December 16, 2020 | Vanguard Perspective
Investment strategies with an environmental, social, and governance (ESG) dimension are growing in popularity. According to the Global Sustainable Investment Alliance, the global assets held in ESG-screened investments more than doubled between 2012 and 2018, to $26.3 trillion from $12.3 trillion.
As interest in ESG investing increases, both individual and institutional investors may wonder about the impact a shift to such investments would have on their return expectations. Have Investors Paid a Performance Price? Examining the Behavior of ESG Equity Funds, a research paper published by Vanguard Investment Strategy Group's Jan-Carl Plagge and Doug Grim in The Journal of Portfolio Management examines whether ESG equity fund strategies come with a cost in the form of lower expected returns, higher volatility, or both.
Mr. Plagge and Mr. Grim looked at ESG mutual funds and ETFs focused on U.S.-listed stocks and investigated differences in their gross returns and volatility (standard deviation of returns) over a 15-year period compared with the FTSE USA All Cap Index. They distinguished between index and active funds and between funds that apply explicit exclusions and those that do not. Dividing the sample period into three five-year periods, they found a high level of dispersion for both risk and return among ESG strategies. (See chart below).
"We found funds with higher returns and higher risk, lower returns and lower risk, higher returns and lower risk, and lower returns and higher risk than their investment universe," Mr. Grim said. "Overall, our findings suggest that ESG funds have neither systematically higher nor systematically lower raw returns or risk than the broader market."
The authors then tried to identify potential alpha across these strategies. To control for factor tilts, they evaluated the performance of ESG strategies against that of each of the factors in the Fama-French five factor model: market, size, valuation (value/growth), profitability (quality), and capital investment.
The market factor proved, as one would expect, highly significant across the entire fund universe. The influence of style factors, on the other hand, was much less consistent. Some ESG funds had statistically significant and positive exposures to a given factor, while others had a significant but negative exposure to the same factor—and some had no noteworthy exposure to that factor at all.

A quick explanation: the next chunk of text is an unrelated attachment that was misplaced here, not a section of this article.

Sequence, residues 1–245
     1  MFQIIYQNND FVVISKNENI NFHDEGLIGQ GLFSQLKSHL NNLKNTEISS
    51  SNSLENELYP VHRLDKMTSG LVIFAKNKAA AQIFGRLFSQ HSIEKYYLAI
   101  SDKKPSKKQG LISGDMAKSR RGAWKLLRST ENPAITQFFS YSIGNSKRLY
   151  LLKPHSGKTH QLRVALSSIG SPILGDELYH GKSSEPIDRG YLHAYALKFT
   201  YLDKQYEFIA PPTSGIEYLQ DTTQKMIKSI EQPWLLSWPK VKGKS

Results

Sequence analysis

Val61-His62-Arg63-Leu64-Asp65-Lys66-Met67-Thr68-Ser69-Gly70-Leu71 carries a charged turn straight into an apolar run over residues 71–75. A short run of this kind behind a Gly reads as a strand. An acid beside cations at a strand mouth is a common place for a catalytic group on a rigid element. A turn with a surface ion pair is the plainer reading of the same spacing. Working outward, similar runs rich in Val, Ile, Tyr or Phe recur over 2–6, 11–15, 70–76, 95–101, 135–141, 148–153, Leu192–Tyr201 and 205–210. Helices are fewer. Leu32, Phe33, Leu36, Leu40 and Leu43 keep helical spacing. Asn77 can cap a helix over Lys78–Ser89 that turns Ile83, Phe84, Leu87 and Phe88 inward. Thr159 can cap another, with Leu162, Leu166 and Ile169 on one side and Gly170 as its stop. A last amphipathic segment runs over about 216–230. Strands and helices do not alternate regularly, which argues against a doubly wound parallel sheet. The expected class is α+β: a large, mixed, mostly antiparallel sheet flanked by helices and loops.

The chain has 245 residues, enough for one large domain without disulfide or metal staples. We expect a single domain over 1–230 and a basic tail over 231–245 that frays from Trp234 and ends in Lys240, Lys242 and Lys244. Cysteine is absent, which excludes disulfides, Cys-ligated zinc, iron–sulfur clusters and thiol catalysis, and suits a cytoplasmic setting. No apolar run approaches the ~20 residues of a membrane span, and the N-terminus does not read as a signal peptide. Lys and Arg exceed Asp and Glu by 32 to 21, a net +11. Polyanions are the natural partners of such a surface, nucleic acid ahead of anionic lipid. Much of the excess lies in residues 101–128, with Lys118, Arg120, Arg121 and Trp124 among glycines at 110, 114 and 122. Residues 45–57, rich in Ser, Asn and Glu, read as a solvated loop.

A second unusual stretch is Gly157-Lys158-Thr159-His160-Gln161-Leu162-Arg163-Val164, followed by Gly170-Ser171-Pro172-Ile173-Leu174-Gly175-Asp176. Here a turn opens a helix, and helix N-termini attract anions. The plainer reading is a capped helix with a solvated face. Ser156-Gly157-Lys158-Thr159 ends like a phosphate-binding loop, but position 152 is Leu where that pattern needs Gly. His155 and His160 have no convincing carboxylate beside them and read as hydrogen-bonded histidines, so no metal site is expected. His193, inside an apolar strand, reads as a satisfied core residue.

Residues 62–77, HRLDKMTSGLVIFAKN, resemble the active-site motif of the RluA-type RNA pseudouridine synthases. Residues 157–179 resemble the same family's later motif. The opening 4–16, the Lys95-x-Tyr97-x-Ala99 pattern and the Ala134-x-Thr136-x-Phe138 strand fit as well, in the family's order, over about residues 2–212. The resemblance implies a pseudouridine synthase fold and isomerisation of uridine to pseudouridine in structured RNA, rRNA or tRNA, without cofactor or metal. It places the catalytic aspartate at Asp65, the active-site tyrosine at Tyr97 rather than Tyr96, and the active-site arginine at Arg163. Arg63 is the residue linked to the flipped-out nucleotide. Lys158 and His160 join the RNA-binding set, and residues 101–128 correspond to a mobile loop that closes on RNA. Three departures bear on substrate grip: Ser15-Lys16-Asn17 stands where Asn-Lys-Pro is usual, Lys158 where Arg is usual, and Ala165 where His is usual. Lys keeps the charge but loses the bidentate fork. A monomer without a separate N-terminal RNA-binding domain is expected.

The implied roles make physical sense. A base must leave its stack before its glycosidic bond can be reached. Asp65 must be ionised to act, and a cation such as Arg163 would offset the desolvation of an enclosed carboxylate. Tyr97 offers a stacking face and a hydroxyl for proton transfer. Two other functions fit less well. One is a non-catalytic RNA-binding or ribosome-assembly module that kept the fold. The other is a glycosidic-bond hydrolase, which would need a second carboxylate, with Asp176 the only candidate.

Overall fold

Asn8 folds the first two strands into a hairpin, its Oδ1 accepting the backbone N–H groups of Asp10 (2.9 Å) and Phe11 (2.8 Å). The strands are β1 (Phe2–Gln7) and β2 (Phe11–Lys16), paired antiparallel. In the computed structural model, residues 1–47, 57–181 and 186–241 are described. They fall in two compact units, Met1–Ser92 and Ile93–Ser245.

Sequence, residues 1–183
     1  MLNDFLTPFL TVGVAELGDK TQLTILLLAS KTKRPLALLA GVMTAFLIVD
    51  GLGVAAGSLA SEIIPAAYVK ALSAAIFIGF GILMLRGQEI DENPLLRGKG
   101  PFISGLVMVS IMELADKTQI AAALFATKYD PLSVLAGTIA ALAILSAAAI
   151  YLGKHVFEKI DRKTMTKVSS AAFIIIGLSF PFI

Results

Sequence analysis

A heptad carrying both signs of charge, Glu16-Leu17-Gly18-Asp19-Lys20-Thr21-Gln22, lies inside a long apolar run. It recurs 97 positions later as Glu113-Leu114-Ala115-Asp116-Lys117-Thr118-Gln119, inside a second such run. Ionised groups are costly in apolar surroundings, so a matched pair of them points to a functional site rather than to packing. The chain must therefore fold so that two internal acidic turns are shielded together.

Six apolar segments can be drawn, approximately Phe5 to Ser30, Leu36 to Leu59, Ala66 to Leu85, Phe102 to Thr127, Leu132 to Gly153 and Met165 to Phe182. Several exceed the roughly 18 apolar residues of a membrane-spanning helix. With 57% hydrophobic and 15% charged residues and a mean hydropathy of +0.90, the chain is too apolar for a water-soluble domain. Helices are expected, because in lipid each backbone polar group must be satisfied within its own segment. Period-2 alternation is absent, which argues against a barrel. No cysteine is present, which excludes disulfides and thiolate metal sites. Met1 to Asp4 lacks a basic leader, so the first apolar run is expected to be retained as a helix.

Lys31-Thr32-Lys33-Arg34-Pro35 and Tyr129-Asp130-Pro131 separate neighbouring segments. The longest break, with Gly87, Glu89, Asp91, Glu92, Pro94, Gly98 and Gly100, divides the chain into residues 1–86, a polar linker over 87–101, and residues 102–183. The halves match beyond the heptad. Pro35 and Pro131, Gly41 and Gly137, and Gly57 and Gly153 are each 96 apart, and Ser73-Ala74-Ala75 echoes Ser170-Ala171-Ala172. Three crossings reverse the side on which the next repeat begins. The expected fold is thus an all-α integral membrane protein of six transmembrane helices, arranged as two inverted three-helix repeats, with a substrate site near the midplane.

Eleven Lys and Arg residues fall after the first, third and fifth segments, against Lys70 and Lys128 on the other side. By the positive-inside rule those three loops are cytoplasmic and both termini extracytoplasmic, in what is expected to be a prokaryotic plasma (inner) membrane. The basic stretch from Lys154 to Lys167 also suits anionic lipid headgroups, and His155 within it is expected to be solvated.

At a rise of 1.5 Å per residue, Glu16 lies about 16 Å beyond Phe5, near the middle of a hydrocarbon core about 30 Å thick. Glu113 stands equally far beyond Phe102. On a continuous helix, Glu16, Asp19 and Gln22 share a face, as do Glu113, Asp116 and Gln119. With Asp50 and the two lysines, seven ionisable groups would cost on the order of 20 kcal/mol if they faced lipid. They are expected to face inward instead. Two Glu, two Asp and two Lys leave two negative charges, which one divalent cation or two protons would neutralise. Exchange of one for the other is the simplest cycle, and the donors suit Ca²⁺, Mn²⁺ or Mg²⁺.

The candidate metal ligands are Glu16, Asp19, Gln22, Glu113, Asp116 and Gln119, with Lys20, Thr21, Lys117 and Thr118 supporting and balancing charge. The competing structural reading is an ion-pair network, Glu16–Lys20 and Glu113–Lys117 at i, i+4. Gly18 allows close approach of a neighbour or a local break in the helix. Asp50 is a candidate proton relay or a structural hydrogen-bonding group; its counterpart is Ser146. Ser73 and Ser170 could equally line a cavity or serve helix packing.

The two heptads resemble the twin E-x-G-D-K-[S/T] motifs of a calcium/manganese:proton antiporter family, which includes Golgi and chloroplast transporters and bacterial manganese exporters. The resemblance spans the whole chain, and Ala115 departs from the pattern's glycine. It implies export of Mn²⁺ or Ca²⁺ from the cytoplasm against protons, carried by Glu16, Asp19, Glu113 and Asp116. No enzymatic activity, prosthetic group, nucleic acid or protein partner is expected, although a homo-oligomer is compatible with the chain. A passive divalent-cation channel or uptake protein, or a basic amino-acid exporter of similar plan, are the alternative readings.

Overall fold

Many of the funds performed quite differently compared with the market-capitalization-weighted U.S. equity market. "However, after controlling for the impact of known sources of risk—that is, market- and style-factor exposures—the majority of ESG funds did not produce statistically significant positive or negative gross alpha," Mr. Plagge said. "Return and risk differences of ESG funds can be significant, but they appear to be mainly driven by fund-specific criteria rather than a homogeneous ESG factor."
Because ESG funds often favor new technologies and avoid certain sectors, such as those relating to fossil fuels, the researchers were interested in the effects of such systematic deviations in industry exposures. Funds in the sample tended to be slightly underweighted in finance, energy, minerals, and consumer services and slightly overweighted in health and technology. However, the authors found the effects of these deviations on relative fund performance to be very small in median terms when sampled on a quarterly basis across the 15-year period with all funds observed.
Mr. Grim and Mr. Plagge then calculated net (after cost) alphas and analyzed their relationship to expense ratios. There was again a significant dispersion in the results (See chart below). Consistent with other research, higher expenses generally were associated with lower (or negative) net alphas.
There is a lot of variability in the way ESG strategies perform. "Given these differences in risk-return outcomes and the high degree of heterogeneity in the construction and management of ESG funds," Mr. Grim said, "investors should assess potential investment implications on a strategy-by-strategy basis."